I’ve been obsessed lately with the idea of adjacent possible, the principle that our minds can only make jumps of a certain size. Adjacent possible is the reason why we didn’t think of flying cars before we invented cars, and the reason why some ideas are considered ahead of their time.
I was out to dinner with my boss recently and we were discussing how we might promote a machine that measures platelet activity in patients with cardiovascular diseases. We were discussing how hot the area is now, and I made the point that I thought we could get press quite easily.
Then she said something I’d never thought about. Many of the patients who could really benefit from the newest technological advances in healthcare are older. They also lack the digital competence (and interest) required to run some of these new health gadgets, meaning some of the greatest technological innovations in healthcare are ahead of their time.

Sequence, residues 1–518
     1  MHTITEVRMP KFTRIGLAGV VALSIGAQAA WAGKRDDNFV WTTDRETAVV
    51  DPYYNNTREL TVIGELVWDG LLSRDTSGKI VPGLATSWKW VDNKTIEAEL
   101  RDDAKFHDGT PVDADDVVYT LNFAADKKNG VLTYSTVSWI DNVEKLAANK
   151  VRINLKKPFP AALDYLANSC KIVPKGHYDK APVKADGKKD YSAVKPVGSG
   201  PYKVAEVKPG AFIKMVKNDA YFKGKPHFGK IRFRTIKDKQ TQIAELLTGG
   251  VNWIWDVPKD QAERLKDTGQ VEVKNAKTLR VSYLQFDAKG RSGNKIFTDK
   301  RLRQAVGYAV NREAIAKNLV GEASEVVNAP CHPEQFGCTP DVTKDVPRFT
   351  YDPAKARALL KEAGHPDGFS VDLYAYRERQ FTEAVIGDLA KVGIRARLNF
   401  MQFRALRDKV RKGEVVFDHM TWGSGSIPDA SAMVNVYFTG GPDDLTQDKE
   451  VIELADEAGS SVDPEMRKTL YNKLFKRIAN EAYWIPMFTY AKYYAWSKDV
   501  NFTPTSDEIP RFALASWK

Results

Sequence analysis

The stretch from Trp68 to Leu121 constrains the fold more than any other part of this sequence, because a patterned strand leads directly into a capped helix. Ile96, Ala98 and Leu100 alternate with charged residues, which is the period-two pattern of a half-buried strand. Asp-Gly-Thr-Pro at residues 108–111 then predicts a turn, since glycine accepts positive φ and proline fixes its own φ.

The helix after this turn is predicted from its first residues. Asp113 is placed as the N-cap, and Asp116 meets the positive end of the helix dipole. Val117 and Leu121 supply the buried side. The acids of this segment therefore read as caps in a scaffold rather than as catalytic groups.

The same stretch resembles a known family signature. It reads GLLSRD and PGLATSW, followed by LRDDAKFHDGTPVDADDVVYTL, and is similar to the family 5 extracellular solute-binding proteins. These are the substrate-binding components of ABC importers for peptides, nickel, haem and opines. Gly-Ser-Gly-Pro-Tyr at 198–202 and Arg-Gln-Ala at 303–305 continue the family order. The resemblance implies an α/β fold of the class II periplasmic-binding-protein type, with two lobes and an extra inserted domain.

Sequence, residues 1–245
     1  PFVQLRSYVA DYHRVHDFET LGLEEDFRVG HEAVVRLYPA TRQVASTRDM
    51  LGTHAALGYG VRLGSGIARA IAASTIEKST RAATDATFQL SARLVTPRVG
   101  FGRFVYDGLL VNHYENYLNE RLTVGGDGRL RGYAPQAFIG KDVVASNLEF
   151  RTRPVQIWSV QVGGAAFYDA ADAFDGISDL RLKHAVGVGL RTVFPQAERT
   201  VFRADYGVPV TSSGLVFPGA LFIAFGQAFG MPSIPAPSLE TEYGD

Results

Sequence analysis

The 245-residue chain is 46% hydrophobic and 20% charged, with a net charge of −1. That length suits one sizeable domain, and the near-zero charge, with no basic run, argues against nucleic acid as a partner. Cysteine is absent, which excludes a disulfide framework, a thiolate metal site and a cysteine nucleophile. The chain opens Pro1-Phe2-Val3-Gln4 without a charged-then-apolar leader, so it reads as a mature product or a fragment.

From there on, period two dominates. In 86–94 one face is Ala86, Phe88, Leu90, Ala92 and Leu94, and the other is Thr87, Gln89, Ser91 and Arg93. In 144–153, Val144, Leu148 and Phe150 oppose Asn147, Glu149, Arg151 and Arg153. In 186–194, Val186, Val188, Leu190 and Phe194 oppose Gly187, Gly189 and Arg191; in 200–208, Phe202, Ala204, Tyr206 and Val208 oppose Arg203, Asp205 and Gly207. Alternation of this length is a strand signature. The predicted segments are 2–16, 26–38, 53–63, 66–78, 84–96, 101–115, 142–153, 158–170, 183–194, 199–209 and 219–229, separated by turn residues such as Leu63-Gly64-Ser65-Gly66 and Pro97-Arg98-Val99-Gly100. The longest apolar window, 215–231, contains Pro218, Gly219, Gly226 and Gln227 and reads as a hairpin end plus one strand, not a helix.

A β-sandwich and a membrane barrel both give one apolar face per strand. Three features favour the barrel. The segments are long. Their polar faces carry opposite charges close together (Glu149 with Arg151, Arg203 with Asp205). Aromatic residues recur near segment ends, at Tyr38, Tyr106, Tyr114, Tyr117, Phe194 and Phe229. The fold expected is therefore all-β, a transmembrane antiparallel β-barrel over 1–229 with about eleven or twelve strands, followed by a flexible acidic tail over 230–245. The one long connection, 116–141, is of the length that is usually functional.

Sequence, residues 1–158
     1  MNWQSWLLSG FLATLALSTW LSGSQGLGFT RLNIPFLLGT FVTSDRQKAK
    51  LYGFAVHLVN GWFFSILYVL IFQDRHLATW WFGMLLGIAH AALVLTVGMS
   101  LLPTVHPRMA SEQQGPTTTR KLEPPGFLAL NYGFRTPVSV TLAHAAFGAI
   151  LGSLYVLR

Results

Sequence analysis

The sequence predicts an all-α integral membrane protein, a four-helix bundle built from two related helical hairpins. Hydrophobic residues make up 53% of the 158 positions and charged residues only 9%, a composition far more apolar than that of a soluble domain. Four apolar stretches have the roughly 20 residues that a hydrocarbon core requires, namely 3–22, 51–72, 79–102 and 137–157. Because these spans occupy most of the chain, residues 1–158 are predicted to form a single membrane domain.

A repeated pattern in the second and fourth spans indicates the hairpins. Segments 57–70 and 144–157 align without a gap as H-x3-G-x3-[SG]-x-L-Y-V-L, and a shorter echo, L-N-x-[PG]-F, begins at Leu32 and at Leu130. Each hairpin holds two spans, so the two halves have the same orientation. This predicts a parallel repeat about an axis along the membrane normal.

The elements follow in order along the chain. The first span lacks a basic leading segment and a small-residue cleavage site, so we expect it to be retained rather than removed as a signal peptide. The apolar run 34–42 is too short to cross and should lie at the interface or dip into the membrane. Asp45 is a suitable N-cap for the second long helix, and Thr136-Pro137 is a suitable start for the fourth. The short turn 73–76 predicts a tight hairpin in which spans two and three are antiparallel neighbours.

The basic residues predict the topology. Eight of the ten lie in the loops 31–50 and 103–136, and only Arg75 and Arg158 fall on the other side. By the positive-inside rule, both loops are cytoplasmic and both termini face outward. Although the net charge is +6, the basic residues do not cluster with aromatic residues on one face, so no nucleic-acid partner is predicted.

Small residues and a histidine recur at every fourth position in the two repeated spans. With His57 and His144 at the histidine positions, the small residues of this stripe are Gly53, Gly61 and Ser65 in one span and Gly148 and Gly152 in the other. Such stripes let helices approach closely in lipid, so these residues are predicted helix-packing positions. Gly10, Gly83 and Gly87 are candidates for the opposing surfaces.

Don’t get me wrong, I’m not arguing for a second that health 2.0 should slow down. These forward thinking inventions are undeniably important and will likely change the future. But many of these developers in the realm of mHealth will always be designing for an older generation that’s accustomed to technological advances from twenty years ago. With Kurzweil’s idea of exponential advances in technology, this is an idea that may only increase in importance for the future.